How do you conduct a temperature mapping study?

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What is a data logger
What is a data logger?

How do you conduct a temperature mapping study?

Temperature mapping study

Temperature Mapping- A Three Stage Process

A temperature mapping study is conducted to comply with the requirements of GMP and GxP guidelines, by ensuring that any handling and storage areas are fully qualified and validated. Qualification of these areas safeguards the integrity of your products and prevents unnecessary spoilage and waste. You might be asked to demonstrate examples of these qualification studies by regulatory inspectors or during customer audits. Temperature mapping is a recognised industry standard process for the qualification of these spaces. The focus of a temperature mapping study is to characterise the temperature distribution within an area, identifying any hot or cold spots that could pose a risk to the safety or quality of your product. Mapping studies can be completed on an enclosed chamber such as a fridge or a freezer, as well as extend to much larger spaces including cold rooms and warehouses. The temperature distribution will be impacted by your ambient climate, which is often why mapping studies are conducted seasonally, usually covering a worst-case summer and winter scenario. A temperature mapping study is performed by distributing a suitable number of sensors throughout the area, ensuring the area is fully covered and recording data over a period of time. This data provides evidence to support the conclusion reached. There are three main stages of the process to ensure compliance.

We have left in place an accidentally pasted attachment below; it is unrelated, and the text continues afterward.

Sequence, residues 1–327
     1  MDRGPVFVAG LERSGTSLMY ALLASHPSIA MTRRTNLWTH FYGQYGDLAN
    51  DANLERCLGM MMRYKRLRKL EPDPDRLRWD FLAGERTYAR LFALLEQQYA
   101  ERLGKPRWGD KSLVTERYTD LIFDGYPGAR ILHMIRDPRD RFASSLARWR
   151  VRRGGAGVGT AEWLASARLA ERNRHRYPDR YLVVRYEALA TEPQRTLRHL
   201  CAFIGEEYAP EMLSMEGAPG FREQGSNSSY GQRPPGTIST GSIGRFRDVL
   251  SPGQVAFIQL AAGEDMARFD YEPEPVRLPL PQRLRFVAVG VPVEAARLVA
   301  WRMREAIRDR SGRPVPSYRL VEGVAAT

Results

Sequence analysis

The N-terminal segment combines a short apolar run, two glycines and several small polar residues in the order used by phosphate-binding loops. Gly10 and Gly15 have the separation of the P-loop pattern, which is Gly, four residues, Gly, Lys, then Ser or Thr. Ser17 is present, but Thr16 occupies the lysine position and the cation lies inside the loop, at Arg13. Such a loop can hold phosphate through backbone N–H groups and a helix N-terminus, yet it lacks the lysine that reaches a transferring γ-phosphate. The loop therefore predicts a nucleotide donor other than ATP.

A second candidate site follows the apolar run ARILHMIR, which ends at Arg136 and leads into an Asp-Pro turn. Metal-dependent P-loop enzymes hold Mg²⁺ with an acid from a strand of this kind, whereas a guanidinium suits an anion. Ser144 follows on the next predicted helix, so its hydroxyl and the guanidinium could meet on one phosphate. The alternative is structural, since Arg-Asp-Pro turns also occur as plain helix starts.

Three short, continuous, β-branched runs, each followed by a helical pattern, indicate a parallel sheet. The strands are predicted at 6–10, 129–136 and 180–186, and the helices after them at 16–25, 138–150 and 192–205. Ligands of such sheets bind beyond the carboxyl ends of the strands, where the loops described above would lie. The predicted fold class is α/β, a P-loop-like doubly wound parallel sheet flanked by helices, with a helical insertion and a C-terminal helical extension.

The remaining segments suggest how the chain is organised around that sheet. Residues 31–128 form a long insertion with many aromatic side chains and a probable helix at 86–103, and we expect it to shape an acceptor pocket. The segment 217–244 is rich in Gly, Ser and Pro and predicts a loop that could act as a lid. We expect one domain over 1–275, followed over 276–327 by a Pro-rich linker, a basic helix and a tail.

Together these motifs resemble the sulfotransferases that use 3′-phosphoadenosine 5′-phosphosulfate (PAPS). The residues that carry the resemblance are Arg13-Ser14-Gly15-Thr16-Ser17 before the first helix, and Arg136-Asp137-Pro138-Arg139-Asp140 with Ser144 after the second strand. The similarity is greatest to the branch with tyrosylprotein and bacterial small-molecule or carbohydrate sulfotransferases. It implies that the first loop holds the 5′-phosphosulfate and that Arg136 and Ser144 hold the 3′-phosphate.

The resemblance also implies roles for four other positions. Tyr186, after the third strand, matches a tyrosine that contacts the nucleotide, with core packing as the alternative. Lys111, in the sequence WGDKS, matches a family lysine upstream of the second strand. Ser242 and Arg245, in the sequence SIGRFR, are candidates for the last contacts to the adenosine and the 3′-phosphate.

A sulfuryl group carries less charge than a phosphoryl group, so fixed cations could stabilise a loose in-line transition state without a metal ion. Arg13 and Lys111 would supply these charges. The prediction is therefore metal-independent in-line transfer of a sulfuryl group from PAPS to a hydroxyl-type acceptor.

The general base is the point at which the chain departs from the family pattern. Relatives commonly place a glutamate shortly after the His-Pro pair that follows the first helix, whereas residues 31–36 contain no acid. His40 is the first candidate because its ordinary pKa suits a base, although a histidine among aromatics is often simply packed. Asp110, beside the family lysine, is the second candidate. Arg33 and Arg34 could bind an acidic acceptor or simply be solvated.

1. Protocol

The first stage of the temperature mapping process involves reference to your Temperature Mapping Protocol. Your protocol is critical in establishing the key characteristics of your study including aspects such as your scope, objectives, test equipment, personnel required, number of sensors and sensor locations, study duration, acceptance criteria and reporting requirements. Like any SOP this document should be controlled and part of your wider Quality Management System, speak to your Quality department to understand whether you already have a protocol in place.

Your protocol will bespoke and unique to your facility, this is not a one size fits all approach and should differ between areas/spaces. It is normal for a site audit to be conducted to establish some key points such as where the highest point of storage is, location of items such as heaters and cooling vents, windows, doors, hinges and loading bays that may impact the temperature in the area. Areas including storage cupboards and mezzanine floors also need to be considered. These factors are all considered when deciding how many sensors to use and where to locate them.

If you do not have a protocol in place and need help writing one, then please get in touch as this is a standalone service that we can offer. It is crucial to ensure due diligence at this stage, any short-cuts or errors made here can risk the viability of the whole process. A protocol can be used more than once providing no significant changes have occurred since it was established.

2. Study